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Lewis : miseria

miseria, mĭsĕrĭa, ae, f. miser, wretchedness, unhappy condition, misfortune, misery; affliction, distress, etc. Lit. (Class.) Nam invidere alii bene esse, tibi male esse, miseriast, Plaut. Truc. 4, 2, 31: Proloqui Caelo atque terrae Medeaï miserias, Enn. ap. Cic. Tusc. 3, 26, 63 (Trag. v. 292 Vahl.): quibus servitutem meā miseriā deprecor, id. ap. Non. 290, 19 (Trag. v. 173 ib.): miserias voluptate sedare, Plaut. Poen. 5, 4, 93: ubi virtus est, ibi esse miseria et aerumna non potest, Cic. Fin. 5, 32, 95: in miserias incidere, id. Phil. 2, 10, 24: de miseriis in quibus versamur, id. Fam. 7, 3, 1: in miseriā esse, id. Fin. 3, 14, 48: oneri miseriaeque esse, Sall. C. 10, 2.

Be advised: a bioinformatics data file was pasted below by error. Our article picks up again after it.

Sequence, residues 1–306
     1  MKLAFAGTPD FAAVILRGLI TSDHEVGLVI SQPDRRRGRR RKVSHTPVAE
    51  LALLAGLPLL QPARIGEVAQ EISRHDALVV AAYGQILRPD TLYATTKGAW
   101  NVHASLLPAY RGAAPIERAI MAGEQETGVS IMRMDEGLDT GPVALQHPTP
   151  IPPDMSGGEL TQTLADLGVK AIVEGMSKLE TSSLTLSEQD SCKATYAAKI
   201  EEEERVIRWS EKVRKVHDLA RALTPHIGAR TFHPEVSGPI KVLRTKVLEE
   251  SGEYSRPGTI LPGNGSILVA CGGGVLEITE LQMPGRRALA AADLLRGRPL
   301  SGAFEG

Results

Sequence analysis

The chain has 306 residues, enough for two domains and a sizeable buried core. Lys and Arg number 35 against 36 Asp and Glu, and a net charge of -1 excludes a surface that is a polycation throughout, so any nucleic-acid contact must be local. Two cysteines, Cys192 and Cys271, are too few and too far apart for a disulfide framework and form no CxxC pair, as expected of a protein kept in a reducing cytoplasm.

Trouble, fatigue, irksomeness: miseriam capere, Ter. Ad. 5, 4, 22: nimiae miseriae est, is too irksome, Quint. 1, 8, 18: nimia est miseria nimis pulchrum esse hominem, Plaut. Mil. 1, 1, 68: ne (Stoici) omnia superstitiosā sollicitudine et miseriā crederent, anxiety, Cic. Div. 2, 41, 86.—Plur.: miseriae plebis crescebant, Liv. 6, 34, 1.

Personified: Mĭsĕrĭa, the daughter of Erebus and Nox, Cic. N. D. 3, 17 fin.; Hyg. Fab. praef.